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It was nearing four o'clock and growing dark on the afternoon of Oct. 3, 1951. There were 34,230 paying spectators, some 20,000 short of capacity, in New York's old Polo Grounds, at 157th Street and Eighth Avenue, hard by Coogan's Bluff and the Harlem River. It was the ninth inning of the third and final game of a playoff series between the New York Giants and the Brooklyn Dodgers for the National League pennant, a series made necessary when the two teams finished a heart-stopping regular-season race with identical 96-58 records. The winner of this game would play the Yankees the next day in yet another subway World Series. This was the Golden Age of baseball in New York: From the end of World War II to the mid-'50s, all three of the city's teams annually contended for the championship. These were the years of Mickey, Willie and the Duke, not to mention Jackie, Big Newk, Campy, Pee Wee, the Brat and the Barber.
There was one out in the last of the ninth, and the Dodgers were leading 4-2. The Giants had Whitey Lockman, who had just doubled in a run, on second base and Clint Hartung, a onetime postwar "pheenom" reduced now to bench-sitting, on third as a pinch runner for Don Mueller, who had injured his ankle half-sliding into the base on Lockman's hit. Bobby Thomson, a late-season hitting sensation, was at bat. Ralph Branca, who had given up a home run to Thomson as the Dodgers lost the first playoff game 3-1 at Ebbets Field, was pitching in relief of starter Don Newcombe. In the on-deck circle was Willie Mays, a 20-year-old rookie who was fearful that if Branca intentionally walked Thomson, Giants manager Leo Durocher would send in a veteran to pinch-hit.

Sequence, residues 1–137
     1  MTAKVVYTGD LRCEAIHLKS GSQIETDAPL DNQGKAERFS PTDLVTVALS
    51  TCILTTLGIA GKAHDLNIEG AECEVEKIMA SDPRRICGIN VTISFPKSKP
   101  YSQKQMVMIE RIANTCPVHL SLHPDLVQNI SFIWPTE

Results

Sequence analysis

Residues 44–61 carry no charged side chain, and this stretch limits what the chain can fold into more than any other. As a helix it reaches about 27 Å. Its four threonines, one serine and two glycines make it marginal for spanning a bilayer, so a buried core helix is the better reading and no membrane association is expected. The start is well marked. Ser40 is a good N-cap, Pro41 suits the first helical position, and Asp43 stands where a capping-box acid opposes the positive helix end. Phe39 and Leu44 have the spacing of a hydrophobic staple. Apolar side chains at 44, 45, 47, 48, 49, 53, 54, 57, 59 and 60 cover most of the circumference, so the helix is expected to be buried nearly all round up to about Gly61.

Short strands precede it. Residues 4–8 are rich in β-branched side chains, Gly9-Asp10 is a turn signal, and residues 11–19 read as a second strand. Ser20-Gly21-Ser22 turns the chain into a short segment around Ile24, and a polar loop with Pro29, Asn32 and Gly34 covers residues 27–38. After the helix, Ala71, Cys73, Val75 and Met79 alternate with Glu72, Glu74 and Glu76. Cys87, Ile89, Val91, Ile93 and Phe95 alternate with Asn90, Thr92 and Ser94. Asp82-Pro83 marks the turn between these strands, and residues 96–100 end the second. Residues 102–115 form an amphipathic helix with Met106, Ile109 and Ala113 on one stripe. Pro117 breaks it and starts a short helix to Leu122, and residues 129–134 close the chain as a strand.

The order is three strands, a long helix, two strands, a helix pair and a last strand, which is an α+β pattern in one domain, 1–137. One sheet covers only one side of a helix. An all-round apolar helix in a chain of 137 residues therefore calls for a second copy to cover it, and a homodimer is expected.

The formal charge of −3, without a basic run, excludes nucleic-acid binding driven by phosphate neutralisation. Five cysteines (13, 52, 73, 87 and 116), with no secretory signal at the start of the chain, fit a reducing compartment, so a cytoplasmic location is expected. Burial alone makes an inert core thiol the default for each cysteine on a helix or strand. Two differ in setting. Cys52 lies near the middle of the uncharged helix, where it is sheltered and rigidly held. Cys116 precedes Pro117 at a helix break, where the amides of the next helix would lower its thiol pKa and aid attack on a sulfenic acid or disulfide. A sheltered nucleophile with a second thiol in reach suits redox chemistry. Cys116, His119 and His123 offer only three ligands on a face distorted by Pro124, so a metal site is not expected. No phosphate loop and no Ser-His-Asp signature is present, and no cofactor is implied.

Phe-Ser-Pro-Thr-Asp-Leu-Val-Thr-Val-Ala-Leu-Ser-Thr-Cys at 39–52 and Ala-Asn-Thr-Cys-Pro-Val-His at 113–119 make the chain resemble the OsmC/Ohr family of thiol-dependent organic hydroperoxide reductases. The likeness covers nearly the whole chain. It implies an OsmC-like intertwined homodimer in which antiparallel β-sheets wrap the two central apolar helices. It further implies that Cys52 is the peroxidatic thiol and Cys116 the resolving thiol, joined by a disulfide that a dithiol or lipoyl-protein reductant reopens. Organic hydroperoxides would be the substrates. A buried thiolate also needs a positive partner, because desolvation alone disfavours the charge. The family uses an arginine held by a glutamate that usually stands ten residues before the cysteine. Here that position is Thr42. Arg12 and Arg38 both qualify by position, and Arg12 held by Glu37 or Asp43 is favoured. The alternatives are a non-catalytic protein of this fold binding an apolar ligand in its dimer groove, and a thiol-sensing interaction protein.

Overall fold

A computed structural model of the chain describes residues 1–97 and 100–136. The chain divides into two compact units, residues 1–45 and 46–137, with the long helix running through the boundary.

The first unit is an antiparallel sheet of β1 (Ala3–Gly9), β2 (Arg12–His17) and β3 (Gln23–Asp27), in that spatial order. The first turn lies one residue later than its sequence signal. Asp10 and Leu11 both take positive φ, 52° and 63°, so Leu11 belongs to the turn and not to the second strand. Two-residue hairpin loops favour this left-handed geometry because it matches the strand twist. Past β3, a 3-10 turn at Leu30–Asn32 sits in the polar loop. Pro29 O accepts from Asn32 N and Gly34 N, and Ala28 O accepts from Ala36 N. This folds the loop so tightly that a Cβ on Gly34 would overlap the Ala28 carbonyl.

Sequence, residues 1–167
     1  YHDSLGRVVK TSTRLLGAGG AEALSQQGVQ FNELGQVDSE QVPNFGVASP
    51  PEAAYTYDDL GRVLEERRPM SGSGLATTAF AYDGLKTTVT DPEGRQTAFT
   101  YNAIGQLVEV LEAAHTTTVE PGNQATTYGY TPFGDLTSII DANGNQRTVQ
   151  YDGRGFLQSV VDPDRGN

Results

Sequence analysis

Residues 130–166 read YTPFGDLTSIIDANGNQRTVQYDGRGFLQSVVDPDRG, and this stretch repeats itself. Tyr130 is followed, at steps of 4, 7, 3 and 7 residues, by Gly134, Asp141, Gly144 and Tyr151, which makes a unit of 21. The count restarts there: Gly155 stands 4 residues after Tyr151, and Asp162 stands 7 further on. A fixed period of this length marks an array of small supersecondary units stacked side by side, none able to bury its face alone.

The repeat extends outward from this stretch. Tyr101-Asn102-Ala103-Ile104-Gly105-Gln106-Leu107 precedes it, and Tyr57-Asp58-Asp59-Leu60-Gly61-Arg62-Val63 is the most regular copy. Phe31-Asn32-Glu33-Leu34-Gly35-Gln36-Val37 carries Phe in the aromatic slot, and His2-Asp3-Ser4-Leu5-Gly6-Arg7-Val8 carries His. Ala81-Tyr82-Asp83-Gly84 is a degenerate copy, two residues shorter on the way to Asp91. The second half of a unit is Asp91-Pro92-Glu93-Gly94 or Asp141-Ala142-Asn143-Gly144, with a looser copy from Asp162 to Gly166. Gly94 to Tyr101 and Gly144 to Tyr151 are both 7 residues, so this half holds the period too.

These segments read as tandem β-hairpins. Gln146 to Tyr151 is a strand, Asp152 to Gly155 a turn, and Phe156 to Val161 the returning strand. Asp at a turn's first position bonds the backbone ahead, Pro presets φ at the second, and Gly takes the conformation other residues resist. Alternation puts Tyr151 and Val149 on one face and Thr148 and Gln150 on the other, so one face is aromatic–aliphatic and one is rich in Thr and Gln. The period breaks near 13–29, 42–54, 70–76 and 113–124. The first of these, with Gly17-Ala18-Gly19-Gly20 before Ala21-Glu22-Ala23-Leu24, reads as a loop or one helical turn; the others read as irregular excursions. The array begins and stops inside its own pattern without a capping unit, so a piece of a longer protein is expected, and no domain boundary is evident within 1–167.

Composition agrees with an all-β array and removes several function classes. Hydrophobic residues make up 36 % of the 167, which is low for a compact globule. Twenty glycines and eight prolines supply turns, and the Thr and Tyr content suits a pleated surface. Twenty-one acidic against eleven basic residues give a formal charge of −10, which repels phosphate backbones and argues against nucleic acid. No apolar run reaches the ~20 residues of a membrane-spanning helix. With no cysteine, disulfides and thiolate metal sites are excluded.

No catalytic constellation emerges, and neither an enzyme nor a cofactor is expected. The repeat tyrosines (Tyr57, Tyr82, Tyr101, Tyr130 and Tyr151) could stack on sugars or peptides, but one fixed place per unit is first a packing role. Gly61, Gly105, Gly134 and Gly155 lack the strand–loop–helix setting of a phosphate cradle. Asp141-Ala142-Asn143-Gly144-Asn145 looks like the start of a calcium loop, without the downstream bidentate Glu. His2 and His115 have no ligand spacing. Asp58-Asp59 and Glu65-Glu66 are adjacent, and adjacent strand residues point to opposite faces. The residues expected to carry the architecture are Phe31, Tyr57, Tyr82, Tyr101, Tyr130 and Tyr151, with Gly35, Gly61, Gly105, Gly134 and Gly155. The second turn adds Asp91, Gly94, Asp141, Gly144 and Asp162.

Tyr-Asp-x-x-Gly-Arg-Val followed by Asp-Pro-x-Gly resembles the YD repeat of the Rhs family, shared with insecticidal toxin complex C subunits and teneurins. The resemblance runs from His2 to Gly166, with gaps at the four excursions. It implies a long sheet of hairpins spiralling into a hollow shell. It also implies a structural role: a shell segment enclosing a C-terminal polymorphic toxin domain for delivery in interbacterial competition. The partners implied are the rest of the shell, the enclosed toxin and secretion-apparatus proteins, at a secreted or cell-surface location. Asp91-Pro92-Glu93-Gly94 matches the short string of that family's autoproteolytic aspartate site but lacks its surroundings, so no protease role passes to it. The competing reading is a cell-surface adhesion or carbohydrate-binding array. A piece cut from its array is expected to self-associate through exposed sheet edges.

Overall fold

Mays glanced down at Durocher, who was coaching at third, in search of some clue to the manager's plans. But Durocher was busy bellowing encouragement to his hitter, for it was obvious now that Branca was going to pitch to Thomson to avoid putting the winning run on base. "If you've ever hit one," Durocher had pleaded with Thomson seconds earlier, "hit it now."
In the Dodger bullpen, in left centerfield, coach Clyde Sukeforth, 49, was puzzling over the unexpected authority suddenly thrust upon him. Ordinarily, Brooklyn manager Charlie Dressen told him before a game which pitchers to use that day and in which order. This time, Dressen had telephoned "Sukey" from the dugout and asked, "Who's ready?" Sukeforth had had no trouble answering that one. Clem Labine was there, but he had pitched nine innings the day before. And Carl Erskine, who had been warming up alongside Branca, had been troubled all year by a sore arm, even while courageously winning 16 games. This day, Sukeforth remembers, "I didn't see the real good curveball Erskine was noted for." In fact, says Erskine, "I was bouncing it in the dirt. Considering what happened next, that was a good pitch to have." Branca, meanwhile, was "loose and firing the ball," says Sukeforth. He told Dressen that Branca was ready. "Then send me Branca," came the reply.
"That was the first time I picked the pitcher all year," Sukeforth says.